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Can Congress Amend the Constitution?

“Emergency does not create power. Emergency does not increase granted power or remove or diminish the restrictions imposed upon power granted or reserved. The Constitution was adopted in a period of grave emergency. Its grants of power to the federal government and its limitations of the power of the States were determined in the light of emergency, and they are not altered by emergency.” — Chief Justice Charles Evans Hughes (1862-1948)

This week, the United States Senate will take a historic vote known as a negation, a statutory procedure whereby Congress nullifies an act of the president. The negation vote is authorized by the National Emergencies Act of 1976, which was written to permit the president to streamline government during an unforeseen crisis.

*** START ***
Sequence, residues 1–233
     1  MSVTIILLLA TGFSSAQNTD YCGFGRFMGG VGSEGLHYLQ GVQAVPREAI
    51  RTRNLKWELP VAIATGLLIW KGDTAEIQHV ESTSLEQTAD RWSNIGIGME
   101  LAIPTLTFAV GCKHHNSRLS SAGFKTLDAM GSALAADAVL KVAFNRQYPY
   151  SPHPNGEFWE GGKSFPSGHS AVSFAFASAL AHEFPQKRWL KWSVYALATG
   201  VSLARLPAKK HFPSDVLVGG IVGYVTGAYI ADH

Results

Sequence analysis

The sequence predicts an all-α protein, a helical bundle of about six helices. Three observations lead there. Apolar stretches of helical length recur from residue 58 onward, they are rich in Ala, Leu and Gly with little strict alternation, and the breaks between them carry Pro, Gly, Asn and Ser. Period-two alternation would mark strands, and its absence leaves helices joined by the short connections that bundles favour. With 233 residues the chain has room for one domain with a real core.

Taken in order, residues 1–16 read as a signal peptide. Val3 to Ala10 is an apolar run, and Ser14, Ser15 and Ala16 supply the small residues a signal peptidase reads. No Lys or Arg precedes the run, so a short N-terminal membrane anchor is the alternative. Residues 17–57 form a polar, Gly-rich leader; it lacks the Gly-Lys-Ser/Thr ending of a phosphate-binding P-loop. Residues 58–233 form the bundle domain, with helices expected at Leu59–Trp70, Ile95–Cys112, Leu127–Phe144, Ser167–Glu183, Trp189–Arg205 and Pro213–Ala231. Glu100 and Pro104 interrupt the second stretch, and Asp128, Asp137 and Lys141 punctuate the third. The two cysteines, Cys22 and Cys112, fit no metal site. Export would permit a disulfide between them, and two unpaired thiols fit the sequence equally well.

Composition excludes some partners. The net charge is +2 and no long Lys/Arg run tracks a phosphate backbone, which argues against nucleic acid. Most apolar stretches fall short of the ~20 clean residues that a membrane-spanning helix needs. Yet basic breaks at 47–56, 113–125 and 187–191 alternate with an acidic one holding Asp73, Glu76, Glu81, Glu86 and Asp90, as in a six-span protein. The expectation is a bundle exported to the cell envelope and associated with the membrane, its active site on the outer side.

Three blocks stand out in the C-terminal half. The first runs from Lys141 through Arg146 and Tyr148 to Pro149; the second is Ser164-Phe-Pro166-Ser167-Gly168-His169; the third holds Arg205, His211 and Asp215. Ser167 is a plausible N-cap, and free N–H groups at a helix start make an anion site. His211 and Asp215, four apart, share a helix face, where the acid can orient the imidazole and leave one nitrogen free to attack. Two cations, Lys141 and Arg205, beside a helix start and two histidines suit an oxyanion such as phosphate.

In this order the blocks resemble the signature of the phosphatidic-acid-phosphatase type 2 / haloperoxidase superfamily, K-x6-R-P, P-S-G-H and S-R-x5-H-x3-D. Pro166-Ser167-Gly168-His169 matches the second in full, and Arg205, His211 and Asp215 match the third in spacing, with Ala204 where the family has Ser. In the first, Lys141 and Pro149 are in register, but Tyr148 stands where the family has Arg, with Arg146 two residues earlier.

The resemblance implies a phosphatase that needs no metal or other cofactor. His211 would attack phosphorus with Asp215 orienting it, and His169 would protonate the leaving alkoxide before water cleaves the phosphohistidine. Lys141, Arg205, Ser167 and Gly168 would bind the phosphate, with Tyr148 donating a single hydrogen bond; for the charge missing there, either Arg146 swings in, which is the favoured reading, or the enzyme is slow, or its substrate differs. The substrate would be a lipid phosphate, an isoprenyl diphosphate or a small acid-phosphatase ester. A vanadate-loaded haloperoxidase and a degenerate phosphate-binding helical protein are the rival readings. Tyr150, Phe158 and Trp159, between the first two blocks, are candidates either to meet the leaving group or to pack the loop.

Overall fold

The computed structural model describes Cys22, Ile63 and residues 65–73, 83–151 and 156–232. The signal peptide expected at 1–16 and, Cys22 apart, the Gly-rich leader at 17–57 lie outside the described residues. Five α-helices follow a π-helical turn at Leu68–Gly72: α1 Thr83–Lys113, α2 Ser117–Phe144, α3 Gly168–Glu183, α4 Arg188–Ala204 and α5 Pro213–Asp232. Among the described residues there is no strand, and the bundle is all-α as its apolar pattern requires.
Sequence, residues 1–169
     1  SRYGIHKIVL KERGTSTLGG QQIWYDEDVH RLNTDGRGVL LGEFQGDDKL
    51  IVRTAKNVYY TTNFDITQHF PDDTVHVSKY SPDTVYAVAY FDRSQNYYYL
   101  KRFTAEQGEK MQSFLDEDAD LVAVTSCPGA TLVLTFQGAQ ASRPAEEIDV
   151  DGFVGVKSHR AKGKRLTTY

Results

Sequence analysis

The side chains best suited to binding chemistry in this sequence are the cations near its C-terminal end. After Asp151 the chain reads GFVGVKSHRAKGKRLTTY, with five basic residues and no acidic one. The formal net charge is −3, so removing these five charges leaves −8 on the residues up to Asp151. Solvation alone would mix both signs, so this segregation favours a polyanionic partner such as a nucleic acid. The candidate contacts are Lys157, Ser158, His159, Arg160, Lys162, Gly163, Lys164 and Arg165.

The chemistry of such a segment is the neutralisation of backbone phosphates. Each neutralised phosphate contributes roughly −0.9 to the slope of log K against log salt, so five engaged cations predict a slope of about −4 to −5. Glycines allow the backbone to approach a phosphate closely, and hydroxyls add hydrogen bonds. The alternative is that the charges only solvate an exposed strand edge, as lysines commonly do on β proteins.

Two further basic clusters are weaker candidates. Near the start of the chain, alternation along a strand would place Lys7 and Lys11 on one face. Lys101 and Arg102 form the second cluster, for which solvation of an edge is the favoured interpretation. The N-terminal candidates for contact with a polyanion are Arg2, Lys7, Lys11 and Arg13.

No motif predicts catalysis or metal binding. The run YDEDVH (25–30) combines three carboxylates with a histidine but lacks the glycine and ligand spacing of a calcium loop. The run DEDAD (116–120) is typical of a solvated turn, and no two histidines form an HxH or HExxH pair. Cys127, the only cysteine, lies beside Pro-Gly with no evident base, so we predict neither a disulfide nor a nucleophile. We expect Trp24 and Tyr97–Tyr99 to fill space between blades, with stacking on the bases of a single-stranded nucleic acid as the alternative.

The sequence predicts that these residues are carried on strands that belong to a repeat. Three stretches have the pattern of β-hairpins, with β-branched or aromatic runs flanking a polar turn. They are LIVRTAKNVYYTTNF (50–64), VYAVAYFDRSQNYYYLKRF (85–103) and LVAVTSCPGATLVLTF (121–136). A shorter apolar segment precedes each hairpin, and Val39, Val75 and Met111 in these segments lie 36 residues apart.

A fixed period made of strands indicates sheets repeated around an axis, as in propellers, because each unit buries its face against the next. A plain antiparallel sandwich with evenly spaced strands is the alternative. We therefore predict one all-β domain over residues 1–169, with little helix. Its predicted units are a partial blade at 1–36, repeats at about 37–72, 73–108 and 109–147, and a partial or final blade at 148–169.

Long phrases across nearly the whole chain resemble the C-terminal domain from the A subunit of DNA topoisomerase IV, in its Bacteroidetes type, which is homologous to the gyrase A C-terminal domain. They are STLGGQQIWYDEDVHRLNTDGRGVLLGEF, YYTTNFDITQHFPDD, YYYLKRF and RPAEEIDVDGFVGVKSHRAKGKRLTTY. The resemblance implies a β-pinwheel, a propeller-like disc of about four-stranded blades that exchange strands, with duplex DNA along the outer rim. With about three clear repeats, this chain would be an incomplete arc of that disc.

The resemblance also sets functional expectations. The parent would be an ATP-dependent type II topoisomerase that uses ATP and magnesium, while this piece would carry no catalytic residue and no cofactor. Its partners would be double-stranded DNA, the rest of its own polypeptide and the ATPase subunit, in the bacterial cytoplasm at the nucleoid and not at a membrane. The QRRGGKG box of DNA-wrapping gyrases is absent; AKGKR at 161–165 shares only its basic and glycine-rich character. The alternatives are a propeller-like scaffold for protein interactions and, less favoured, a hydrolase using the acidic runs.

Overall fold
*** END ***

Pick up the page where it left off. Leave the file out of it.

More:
The act itself fails to define what constitutes an emergency, but the courts — as is their job where a law is ambiguous — have generally defined an emergency as a sudden and imminent threat to life, liberty

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Author
Andrew Napolitano
Judge Andrew P. Napolitano is the author of seven books on the U.S. Constitution, two of which have been New York Times best sellers. Judge Napolitano has been Fox News’ Senior Judicial Analyst since 1998 and he is nationally known for watching and reporting on the government as it takes liberty and property.